I first visited Daran Beach near Jiwani, one of the important marine turtle nesting sites on the coast of Pakistan, five years ago. On my second visit last week, I was happy to see that the beach is as pristine as ever and that the turtles are still coming and safely laying their eggs. Daran is a picturesque sandy beach on the Makran Coast near Iran, with towering cliffs, clear blue waters and not a plastic bag in sight!

This is a protected beach, where WWF-Pakistan has been working to conserve green turtles, an endangered species, for over 10 years now. They come in their hundreds during the hatching season (which starts in July), lumbering out of the water and onto the soft sand to lay their eggs, digging deep to protect their eggs. A mature turtle (they can live to be over a hundred years old!) can lay around 70-150 eggs in one season. After two months the hatchlings are born and they emerge from the sand pits and slowly make their way towards the open sea as if guided by some internal radar.

It is an amazing sight — a tiny baby turtle, freshly out of its eggshell, taking its first steps towards the vast blue waters just beyond, waving its flippers as a big wave catches it and sweeps it into the sea. I was shocked to learn that only one per cent of these baby turtles actually make it to adulthood! Around 10,000 are launched each year from this beach and only around a hundred actually live to mate themselves. There are jackals on the beach hunting for the baby turtles and then there are the sea gulls that are just waiting to swoop down and carry them off as they emerge from the sand. Then, even if they make it to the sea, they might be eaten by a big fish or caught in the large nets of the hundreds of trawlers that are illegally prowling Balochistan’s coastline.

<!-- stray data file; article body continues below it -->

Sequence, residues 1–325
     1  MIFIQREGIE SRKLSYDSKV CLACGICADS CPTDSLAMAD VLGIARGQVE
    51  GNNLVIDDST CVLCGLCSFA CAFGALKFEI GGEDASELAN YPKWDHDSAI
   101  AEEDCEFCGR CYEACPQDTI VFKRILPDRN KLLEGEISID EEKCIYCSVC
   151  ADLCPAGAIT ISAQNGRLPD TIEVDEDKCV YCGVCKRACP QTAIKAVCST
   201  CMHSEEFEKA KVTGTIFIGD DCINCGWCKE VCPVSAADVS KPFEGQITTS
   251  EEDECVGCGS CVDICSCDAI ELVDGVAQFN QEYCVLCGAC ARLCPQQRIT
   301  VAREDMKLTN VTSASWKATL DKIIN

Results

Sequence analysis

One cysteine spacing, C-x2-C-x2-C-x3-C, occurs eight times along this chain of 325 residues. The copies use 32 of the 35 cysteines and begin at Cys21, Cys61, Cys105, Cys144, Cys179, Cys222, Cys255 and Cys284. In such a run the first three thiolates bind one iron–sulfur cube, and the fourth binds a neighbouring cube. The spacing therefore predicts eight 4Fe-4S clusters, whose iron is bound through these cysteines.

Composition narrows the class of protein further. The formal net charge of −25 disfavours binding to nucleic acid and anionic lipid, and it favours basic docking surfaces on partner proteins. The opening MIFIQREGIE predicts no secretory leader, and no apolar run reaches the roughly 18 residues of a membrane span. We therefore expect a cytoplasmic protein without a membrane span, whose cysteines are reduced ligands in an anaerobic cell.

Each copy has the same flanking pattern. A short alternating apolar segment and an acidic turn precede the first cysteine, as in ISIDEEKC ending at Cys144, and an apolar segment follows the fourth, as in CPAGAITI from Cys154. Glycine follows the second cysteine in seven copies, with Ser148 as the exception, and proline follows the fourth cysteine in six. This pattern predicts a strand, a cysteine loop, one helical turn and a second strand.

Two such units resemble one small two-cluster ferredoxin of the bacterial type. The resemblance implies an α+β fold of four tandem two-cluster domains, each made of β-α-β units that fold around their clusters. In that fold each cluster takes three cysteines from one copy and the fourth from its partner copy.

The community living in a village near the turtle beach helps in the conservation efforts by assigning community guards to patrol the beach and chase away jackals at night. Most of the laying and hatching take place at night. The guards place wire mesh cages around the turtle eggs to ensure no predator comes near them and they also keep a close watch on any visitors to the beach who might disturb the nests.

The community has been awarded a “Living Planet Award” by WWF for all their hard work over the years. “There are now four beaches that we patrol here: Daran Tak, Shaheed Tak, Deedlo Tak and Picnic Point” says Abdul Rashid, who has been working as a guard for 12 years now. The beaches, which extend for around one and a half to two kilometres and are divided by steep cliffs, are actually located on community land. “Altogether there are six of us who are paid by the project to protect the turtles. During nesting season, even the children join in to help release the hatchlings safely. The children here are all trained now in protecting the turtles”.

The Pakistan Wetland Project, which is part of WWF-Pakistan, helped to upgrade the local primary school into a two-room structure with a veranda. Around 17 children from the community study there — the teacher is provided by the government. Right now, they are waiting for the new school master to take up his post. “Because it is such a remote place — Jiwani town is around 30 minutes away by road — the government teachers keep running away,” explained Abdul Rashid. The school children have been involved in beach cleaning activities and awareness-raising walks; and environment days are celebrated with the community.

The green turtles are always there for the children to learn from and Abdul Rashid says “they have now become a part of their family”. In 2008, the Pakistan Wetlands Project installed a hybrid wind turbine and solar panel system in their village to provide them with electricity. The system generates enough electricity to power light bulbs and wireless telephones. The villagers also own some agricultural land nearby where they grow cereals and water melons.

The Daran beach project has proven to be very successful but still little is known about these turtles, especially their migratory patterns. The Wetlands Project has now installed 13 satellite trackers onto the larger turtles to learn about their movements. The green turtle is the main species found nesting there; nests of Olive Ridleys are rarely observed. Dead Hawksbill and Leatherback turtles have been washed up by the waves, but there are no records of nesting.

Abdul Rashid showed me a book he was keeping. It contained seasonal records of nests and hatchlings. His 12-year-old son, Sameer, joined us and told me how he likes to spend whole nights helping the turtle hatchlings reach the sea. “I’ve been doing this since I was a toddler,” he smiles. It is this community-based watch and ward system that is protecting the nests and helping the turtles to survive against the odds.